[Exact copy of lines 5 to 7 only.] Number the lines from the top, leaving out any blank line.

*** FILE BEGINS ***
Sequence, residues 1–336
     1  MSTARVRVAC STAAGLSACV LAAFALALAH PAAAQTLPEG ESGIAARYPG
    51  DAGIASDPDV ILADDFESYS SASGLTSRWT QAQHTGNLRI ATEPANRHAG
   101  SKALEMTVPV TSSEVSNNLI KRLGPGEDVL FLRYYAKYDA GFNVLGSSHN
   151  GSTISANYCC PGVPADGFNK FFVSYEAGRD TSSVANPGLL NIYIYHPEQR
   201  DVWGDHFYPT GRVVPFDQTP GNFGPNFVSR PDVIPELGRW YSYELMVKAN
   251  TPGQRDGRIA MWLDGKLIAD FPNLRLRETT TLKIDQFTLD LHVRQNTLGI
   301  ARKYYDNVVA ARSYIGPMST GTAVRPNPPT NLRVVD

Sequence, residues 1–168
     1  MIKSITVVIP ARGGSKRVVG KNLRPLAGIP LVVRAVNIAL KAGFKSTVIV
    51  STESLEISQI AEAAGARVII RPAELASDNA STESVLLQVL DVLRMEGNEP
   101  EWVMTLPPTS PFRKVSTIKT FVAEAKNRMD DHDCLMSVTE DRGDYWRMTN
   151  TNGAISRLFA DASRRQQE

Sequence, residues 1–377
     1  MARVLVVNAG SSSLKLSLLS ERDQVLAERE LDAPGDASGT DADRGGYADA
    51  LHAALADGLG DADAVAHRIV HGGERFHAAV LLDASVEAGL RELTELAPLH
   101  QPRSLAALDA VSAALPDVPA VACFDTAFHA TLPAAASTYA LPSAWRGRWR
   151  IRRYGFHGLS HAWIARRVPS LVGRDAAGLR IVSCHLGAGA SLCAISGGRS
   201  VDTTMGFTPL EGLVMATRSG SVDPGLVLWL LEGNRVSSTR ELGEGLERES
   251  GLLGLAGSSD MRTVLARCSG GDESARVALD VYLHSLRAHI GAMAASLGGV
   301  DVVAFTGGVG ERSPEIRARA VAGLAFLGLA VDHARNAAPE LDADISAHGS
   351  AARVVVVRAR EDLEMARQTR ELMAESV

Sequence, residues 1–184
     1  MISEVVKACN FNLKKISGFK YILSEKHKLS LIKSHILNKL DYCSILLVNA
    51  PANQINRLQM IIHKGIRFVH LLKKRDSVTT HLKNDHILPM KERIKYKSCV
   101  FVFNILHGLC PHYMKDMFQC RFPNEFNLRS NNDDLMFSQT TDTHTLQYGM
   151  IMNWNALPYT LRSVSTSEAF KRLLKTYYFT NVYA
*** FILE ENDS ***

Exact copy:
   151  GSTISANYCC PGVPADGFNK FFVSYEAGRD TSSVANPGLL NIYIYHPEQR
   201  DVWGDHFYPT GRVVPFDQTP GNFGPNFVSR PDVIPELGRW YSYELMVKAN
   251  TPGQRDGRIA MWLDGKLIAD FPNLRLRETT TLKIDQFTLD LHVRQNTLGI